When you combine a lack of visibility with a lack of vision, you get an appalling lack of concern for issues that the rank-and-file serfs deal with.

The fact that issues that programming teams deal with are highly-technical doesn’t matter at all. In fact, it works against them, because fixes are more expensive than in other teams. Say, like buying yet another web service, on top of all the others you already subscribe to, in order to apply metrics to problems that management will never fix, because they neither understand nor care.

There are a lot of examples I could write about here, but one stands out. I know of a person who was briefly involved with an effort to quantify the development process for his Fortune 150-sized company, much like the linked article. When he talked with a knowledgable insider about the system, it was one shocking revelation after another. The system was down more often than it was up. There was no way to estimate how long a build would take. There was no way to check on the current load of the system. There was no way to check on jobs, other than to log into a remote machine and tail a log file. The system wouldn’t even send out an email at the end of the build to indicate success or failure, because it would show how badly the whole thing performed.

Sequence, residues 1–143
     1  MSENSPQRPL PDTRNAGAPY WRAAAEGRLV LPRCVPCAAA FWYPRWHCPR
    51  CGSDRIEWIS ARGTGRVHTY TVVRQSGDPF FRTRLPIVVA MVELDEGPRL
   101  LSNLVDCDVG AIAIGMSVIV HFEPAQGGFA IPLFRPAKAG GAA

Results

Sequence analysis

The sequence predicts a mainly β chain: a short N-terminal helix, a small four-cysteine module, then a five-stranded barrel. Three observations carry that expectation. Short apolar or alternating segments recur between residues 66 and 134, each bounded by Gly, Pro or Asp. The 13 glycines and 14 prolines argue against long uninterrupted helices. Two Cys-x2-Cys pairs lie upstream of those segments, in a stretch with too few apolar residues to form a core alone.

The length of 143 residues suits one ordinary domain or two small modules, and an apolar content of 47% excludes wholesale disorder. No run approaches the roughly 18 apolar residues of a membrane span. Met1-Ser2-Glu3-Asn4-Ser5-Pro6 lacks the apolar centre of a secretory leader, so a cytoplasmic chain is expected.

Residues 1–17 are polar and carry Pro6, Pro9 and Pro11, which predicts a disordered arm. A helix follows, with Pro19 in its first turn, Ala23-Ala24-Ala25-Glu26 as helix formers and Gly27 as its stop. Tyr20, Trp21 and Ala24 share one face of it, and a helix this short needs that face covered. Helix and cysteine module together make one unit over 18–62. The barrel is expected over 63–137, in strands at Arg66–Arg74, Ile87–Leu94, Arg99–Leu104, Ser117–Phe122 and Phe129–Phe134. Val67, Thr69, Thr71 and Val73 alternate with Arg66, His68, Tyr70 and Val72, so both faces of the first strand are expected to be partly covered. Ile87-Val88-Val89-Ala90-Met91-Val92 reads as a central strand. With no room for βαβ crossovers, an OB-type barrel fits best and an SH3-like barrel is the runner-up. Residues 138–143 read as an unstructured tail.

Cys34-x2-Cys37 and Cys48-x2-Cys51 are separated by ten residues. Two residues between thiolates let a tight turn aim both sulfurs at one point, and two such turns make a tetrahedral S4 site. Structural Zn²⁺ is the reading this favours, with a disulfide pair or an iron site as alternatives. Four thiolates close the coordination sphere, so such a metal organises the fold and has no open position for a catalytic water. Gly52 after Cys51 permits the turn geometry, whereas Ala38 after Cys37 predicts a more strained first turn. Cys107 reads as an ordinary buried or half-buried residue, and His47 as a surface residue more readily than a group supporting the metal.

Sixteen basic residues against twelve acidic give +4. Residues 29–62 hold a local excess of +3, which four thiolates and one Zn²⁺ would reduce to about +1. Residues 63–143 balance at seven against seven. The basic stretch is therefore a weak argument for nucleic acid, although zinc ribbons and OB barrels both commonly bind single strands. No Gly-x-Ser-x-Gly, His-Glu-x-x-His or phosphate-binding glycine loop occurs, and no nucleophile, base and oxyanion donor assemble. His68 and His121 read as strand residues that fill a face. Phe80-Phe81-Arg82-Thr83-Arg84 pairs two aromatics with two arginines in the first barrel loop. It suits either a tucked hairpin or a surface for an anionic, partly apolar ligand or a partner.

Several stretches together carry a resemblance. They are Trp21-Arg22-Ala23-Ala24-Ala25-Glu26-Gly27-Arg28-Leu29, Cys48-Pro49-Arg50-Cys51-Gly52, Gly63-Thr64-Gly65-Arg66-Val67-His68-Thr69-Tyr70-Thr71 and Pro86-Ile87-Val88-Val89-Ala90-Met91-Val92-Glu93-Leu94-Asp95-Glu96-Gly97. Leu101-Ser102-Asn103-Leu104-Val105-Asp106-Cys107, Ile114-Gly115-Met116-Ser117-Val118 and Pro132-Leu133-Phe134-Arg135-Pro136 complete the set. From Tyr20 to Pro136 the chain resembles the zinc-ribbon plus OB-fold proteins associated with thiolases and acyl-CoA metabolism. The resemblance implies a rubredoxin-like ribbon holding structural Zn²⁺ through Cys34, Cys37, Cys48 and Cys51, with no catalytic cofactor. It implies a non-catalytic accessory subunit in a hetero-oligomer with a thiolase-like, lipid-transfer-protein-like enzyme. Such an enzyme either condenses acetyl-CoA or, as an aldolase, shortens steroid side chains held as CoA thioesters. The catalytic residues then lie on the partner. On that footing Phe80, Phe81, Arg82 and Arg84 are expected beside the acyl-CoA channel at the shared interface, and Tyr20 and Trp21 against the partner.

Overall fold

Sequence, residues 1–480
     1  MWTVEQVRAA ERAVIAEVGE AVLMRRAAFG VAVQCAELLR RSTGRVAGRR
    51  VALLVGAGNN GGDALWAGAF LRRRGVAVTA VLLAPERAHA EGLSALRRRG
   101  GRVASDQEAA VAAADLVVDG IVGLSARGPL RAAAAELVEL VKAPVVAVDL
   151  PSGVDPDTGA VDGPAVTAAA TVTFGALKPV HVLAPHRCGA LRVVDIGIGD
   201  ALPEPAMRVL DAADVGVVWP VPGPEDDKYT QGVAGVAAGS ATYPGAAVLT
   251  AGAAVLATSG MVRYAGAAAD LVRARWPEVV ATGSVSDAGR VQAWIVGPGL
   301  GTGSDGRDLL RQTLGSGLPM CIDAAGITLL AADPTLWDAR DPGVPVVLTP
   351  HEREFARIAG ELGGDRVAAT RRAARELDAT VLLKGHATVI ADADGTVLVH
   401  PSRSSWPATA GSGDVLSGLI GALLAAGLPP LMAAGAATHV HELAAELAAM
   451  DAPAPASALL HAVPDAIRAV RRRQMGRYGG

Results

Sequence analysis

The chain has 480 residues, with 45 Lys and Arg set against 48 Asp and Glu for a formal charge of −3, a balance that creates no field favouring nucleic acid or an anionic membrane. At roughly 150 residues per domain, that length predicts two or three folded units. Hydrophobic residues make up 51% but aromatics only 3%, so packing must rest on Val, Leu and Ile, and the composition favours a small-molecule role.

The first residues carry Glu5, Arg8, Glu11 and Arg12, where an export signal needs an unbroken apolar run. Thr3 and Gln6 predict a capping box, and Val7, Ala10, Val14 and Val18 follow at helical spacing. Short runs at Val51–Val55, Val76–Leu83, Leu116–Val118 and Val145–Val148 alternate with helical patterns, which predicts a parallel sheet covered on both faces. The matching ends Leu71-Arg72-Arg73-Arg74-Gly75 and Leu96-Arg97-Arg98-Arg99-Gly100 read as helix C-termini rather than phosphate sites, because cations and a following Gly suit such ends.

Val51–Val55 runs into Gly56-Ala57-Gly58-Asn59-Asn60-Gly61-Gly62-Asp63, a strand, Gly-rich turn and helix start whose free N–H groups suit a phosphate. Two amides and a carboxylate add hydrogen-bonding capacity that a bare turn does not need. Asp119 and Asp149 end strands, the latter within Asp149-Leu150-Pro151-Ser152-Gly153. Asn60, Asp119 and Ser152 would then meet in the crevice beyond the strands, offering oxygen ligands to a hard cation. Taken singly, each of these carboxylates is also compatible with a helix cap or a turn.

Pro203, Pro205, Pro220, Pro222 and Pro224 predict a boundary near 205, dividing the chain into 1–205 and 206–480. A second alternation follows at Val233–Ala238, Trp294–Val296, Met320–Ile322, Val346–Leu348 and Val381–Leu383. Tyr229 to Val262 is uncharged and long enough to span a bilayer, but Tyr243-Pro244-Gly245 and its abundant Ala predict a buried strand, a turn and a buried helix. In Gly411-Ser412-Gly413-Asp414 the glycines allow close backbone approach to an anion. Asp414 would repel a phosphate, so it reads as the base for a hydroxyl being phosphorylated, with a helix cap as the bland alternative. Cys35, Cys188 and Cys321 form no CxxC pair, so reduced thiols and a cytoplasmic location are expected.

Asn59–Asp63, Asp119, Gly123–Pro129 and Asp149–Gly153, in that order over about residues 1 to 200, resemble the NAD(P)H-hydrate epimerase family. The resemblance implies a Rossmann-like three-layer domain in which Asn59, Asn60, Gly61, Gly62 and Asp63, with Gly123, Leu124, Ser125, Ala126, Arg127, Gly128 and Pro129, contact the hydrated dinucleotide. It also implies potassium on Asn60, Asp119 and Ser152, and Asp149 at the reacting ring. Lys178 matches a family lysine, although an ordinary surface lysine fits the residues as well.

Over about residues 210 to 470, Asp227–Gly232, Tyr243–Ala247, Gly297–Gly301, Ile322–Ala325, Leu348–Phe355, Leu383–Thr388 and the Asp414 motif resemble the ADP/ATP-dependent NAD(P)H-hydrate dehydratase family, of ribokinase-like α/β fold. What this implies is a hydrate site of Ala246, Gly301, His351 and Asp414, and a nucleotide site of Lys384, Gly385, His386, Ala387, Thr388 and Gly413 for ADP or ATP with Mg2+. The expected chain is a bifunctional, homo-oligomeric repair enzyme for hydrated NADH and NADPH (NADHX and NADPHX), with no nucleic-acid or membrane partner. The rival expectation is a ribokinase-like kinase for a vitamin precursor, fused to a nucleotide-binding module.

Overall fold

So a “baron” in another group got the bright idea that they would oversee the writing of a dashboard to overlay metrics on the process, so that the “earl” who was responsible for it could “see what parts to focus on.” Let that sink in… Do you see the problem here? This manager thought that he would be allowed access to the various running processes of the system, to quantify, graph, and display them — like, on the shared screens in common spaces — when the owner of the system wouldn’t even allow emails about the success or failures of builds to be sent out, which is the most basic of all metrics, and which would have required only a single checkbox to be ticked. The mere idea of this project was so hopeless as to border on insanity.